The ARG-US system provides continuous, near-real-time tracking and monitoring of packages during transport, in-transit stops and storage by using multi-functional RFID tags attached to each package, in conjunction with RFID readers, control computers, stand-alone and web-based software, and satellite or cellular-based channels. Two specialized software applications—ARG-US TransPort and ARG-US OnSite—have been developed, providing a powerful, customizable platform for full life-cycle materials management during transport and storage. The system incorporates secure communications, databases, and web services. Together, these features can dramatically increase efficiency while reducing costs associated with nuclear material operations and aging management.
The need for ARG-US technology has grown beyond its initial application of managing nuclear materials as a result of demonstrated performance, and now includes its application to civilian fuel cycles, incident responses, and emergency management.
In April 2011, ARG?US was chosen by an industry panel to receive RFID Journal’s prestigious “Most Innovative Use of RFID” Award. ARG?US was also selected as a finalist to present at the 2011 World’s Best Technology Innovation Marketplace, a preeminent technology forum. In February 2012, the system was featured in a case study in the U.S. for the World Institute for Nuclear Security and the World Nuclear Transport Institute Joint International Best Practice Guide on Electronic Tracking for the Transport of Nuclear and Other Radioactive Materials, Revision 1.0.
Copper is drawing much attention as an electrode and interconnect material for integrated sub-micron circuit technology due to its low resistivity and high electro- and stress-mitigation resistance which are superior to Al and Al-alloys. Cu is also a promising candidate to replace Pt due to its low-cost, high conductivity and easier reactive etching properties. However, the successful substitution of Cu into thin-film devices requires the solution to critical issues such as adhesion of Cu layers to Si, SiO.sub.2 and ferroelectric layers, Cu diffusion, and elimination of oxidation of the Cu during growth of oxide films. A significant problem is that Cu oxidizes at relatively low temperatures at a significant rate, which results in degradation of the electrical conduction properties of the Cu electrode layers. Thus protection against oxidation is necessary when growing ferroelectric or high permittivity oxide films on Cu electrode layers, since synthesis of those layers requires high temperature and oxygen ambient or oxygen plasmas.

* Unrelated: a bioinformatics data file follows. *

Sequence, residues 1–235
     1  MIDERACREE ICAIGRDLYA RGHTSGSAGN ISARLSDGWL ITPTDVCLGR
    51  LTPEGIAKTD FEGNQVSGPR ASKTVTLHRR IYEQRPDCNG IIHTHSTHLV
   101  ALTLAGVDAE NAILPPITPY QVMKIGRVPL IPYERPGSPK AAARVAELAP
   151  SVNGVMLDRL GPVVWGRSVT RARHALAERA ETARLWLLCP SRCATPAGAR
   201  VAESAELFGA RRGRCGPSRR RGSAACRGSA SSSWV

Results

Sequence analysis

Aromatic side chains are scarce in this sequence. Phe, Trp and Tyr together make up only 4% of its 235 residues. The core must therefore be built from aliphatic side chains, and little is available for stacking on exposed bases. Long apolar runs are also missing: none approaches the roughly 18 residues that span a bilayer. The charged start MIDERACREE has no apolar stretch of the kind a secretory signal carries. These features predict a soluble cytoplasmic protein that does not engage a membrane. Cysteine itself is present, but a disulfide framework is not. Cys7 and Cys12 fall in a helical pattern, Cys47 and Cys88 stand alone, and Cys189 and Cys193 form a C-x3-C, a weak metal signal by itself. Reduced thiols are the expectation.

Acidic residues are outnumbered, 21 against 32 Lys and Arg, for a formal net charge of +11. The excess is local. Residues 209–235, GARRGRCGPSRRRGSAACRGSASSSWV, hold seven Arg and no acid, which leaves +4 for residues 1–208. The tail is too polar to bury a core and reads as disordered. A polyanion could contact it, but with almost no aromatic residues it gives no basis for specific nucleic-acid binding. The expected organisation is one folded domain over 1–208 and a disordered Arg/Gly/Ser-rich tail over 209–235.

Argonne’s invention is a multi-layer thin film device containing copper layers protected by amorphous TiAl oxide and devices incorporating TiAl. The layered device comprises a substrate of or containing silicon and/or a compound thereof or of or containing diamond, an adhering layer on the substrate, an electrical conducting layer on the adhering layer, a barrier layer of an oxide of TiAl and a high dielectric layer forming one or more of an electrical device and/or a magnetic device (see figure).
To prevent oxidation of the copper layer during growth of the oxide layer on the copper layer, a TiAl oxygen diffusion barrier is put on top of the copper layer before growing the oxide layer. The TiAl layer absorbs oxygen preferentially binding it to the constituent elements (Ti and Al) of the layer and inhibiting the diffusion of oxygen atoms towards the copper layer while growing the oxide film in an oxygen environment at high temperature. The TiAl oxygen diffusion barrier layer can be deposited by MOCVD, molecular beam epitaxy, atomic layer deposition or physical vapor deposition or any other method suitable for growing oxide thin films.
Scientists at Argonne National Laboratory have created an in vitro, cell-free system and method for producing several types of protein: membrane proteins, membrane-associated proteins, and soluble proteins.
With advances that can be gleaned from the study of high quality samples of this type, this method is expected to drive advances in membrane protein structural biology and deepen our approaches for characterizing biological activity as cellular interfaces.